At 10 years old, Elaine had already decided that she was going to have a large family, one made up of many adopted kids who desperately needed families. Inspired by Scholastic’s featured reading for 5th graders, Elaine focused on one book in particular: The Family That Nobody Wanted, by Helen Doss. The book told the tale of a mid-century family who ended up adopting 12 children, each from a different corner of the world. What struck Elaine most at the time was the fact that the children chosen were considered less-than-desirable candidates for adoption — meaning non-white or having special needs. Elaine was devoted to turning that story into her own personal reality.
But first, she’d have to find the right guy to share her dream with. So when her husband asked her to marry him, she spoke of a future that included two biological children and a great yearning to adopt more. Charles DePrince was up to the challenge. "Now, I don't know if it was because he was in love with me or if he sincerely meant it," she says, "but he did come through for me on this."
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In that auditorium at Lincoln Center, the warm, articulate and soft-spoken Elaine made sure to interrupt her WITW interviewer to point out that she has not one, but "eleven amazing children," all precocious and accomplished in their own rights.
So how does a mother not only open her heart and home to nine orphaned children, but also imbue them with such confidence and drive? How does a mom take in a toddler and raise her to become — quite possibly — the world’s first black classical ballerina?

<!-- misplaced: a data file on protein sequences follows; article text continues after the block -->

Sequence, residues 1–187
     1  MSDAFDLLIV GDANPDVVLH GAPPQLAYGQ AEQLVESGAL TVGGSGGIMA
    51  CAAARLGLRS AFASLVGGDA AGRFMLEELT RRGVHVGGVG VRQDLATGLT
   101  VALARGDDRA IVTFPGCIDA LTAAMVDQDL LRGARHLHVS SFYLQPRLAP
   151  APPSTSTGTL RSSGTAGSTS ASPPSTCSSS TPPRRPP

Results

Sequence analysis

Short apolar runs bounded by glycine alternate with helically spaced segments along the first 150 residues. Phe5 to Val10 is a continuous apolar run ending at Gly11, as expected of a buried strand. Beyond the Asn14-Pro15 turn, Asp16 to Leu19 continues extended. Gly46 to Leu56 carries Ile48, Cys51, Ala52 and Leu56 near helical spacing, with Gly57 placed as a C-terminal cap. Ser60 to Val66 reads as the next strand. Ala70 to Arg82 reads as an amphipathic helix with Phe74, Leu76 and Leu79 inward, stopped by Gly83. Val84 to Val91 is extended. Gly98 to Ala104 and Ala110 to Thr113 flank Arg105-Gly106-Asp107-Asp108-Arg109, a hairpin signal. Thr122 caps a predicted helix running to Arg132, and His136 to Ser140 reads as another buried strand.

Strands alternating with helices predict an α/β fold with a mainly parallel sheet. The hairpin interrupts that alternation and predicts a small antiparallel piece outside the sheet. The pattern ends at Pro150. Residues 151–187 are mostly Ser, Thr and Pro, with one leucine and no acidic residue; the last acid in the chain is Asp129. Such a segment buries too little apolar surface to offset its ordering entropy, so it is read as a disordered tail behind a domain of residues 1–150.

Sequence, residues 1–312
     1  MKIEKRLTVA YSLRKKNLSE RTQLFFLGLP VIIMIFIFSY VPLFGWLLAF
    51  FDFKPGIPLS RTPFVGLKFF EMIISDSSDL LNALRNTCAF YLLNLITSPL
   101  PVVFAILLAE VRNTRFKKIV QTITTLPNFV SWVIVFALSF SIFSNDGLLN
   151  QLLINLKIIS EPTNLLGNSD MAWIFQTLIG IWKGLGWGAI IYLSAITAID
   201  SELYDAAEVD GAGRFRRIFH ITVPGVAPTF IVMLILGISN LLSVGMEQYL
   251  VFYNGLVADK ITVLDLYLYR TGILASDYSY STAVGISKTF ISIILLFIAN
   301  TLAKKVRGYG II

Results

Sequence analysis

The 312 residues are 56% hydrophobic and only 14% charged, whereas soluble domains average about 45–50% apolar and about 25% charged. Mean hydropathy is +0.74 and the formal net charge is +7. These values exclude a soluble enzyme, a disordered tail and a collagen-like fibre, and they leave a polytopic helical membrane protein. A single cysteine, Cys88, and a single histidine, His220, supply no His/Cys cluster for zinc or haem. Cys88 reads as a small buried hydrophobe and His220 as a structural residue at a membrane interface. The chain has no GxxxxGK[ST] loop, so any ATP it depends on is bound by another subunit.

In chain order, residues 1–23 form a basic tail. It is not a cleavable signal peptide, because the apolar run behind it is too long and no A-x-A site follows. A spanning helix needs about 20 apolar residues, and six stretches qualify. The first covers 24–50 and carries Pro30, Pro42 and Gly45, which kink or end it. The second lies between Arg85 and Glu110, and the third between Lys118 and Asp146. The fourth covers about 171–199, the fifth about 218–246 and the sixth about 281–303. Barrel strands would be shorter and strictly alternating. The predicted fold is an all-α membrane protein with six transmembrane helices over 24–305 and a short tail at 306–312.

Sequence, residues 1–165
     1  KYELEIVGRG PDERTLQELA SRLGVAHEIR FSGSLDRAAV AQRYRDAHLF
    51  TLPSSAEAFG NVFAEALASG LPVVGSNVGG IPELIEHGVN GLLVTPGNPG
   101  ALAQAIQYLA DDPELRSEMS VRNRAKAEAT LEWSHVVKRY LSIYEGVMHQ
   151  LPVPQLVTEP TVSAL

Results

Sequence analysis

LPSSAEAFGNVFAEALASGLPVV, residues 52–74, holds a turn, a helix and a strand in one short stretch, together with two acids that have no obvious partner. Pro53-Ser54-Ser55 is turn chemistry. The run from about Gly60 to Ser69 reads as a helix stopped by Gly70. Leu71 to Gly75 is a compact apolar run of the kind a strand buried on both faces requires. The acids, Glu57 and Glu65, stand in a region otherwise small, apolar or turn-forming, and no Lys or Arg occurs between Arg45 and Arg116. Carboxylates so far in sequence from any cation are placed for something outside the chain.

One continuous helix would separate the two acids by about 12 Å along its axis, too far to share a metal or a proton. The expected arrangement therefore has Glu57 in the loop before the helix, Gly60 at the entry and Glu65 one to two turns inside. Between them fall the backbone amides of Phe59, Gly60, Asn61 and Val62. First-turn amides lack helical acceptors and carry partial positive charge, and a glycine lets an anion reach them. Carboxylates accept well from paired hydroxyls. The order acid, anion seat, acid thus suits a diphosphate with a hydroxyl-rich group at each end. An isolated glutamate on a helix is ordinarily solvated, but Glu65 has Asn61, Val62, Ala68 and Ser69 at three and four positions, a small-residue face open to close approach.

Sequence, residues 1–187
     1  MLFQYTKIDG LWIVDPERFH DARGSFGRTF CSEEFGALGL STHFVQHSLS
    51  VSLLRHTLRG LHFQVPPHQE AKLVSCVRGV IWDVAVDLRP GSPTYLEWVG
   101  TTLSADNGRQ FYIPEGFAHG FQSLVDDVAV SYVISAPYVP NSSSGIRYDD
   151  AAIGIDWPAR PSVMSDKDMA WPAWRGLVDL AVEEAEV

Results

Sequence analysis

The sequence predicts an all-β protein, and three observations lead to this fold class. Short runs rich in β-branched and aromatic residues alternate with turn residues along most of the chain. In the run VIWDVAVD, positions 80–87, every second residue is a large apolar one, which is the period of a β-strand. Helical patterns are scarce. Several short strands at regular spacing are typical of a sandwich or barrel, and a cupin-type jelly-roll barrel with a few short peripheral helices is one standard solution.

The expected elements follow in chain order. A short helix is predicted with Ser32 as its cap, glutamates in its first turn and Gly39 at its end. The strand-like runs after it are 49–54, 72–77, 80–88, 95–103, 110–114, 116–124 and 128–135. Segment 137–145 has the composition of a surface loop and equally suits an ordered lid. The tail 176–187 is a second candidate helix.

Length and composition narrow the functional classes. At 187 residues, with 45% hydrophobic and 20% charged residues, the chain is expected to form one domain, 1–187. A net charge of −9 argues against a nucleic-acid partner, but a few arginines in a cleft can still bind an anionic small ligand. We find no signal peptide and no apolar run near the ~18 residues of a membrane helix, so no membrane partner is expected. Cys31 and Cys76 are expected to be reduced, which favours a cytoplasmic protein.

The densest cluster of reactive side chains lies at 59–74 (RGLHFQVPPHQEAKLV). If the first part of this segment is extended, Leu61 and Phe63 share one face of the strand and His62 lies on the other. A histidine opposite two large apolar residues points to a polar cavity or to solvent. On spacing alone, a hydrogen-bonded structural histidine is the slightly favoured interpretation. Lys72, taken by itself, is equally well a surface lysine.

Elaine says, "Charles and I share this philosophy that every child has a talent and that parents should be alert as to what those talents might be. So we simply kept our eyes and ears open and responded to the cues from our children. When Michaela was four years old, she wanted to dance ballet. So we gave her ballet lessons. Our responsibility was to pay for her and get her there, but her responsibility was to behave in ballet class, to maintain her interest and if should she not be interested, she needs to tell us and then we would help her find another love. But she was just so impassioned by ballet that it was an easy call."
When I asked Elaine if the dance world was as racially charged as Michaela reported, she confirmed that this problem was indeed the truth. "Yes, it is. People would say to Michaela, 'Everybody knows a black girl can’t dance classical ballet,' or 'When you’re older, you probably can join Alvin Ailey or The Dance Theater of Harlem.' Michaela wanted to be a classical ballerina, and those are not classical companies.”
There are very few black girls in classical ballet. In the top five companies, worldwide, there are presently none. Michaela will be the first in a long time. She joined the Dutch National Ballet and she will begin dancing with them in July.
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Elaine believes that you have to be a strong mother if you're to have strong daughters. She raised her daughters to be strong, to stand up for themselves and to make a change in the world -- not just change in the world of ballet. She wants them to face the injustices of the world, or they won’t feel fulfilled. They were very lucky and so much was given to them; they need to give back. Keep reading ...